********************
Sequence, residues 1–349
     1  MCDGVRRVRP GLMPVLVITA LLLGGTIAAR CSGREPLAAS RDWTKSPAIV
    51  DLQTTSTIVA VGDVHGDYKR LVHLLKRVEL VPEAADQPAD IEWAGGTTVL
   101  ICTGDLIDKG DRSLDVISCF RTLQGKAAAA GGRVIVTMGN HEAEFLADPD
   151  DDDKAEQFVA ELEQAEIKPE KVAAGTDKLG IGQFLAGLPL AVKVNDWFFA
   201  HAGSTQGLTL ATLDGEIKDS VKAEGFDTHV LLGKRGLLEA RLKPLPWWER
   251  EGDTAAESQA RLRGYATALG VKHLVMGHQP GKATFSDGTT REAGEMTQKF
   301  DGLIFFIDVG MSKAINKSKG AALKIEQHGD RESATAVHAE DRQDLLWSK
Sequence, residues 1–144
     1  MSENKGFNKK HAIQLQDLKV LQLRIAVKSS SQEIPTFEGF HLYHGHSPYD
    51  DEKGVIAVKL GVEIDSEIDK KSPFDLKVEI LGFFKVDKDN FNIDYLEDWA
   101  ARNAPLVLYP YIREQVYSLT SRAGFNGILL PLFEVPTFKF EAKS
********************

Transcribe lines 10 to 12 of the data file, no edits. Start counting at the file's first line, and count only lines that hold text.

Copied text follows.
     1  MSENKGFNKK HAIQLQDLKV LQLRIAVKSS SQEIPTFEGF HLYHGHSPYD
    51  DEKGVIAVKL GVEIDSEIDK KSPFDLKVEI LGFFKVDKDN FNIDYLEDWA
   101  ARNAPLVLYP YIREQVYSLT SRAGFNGILL PLFEVPTFKF EAKS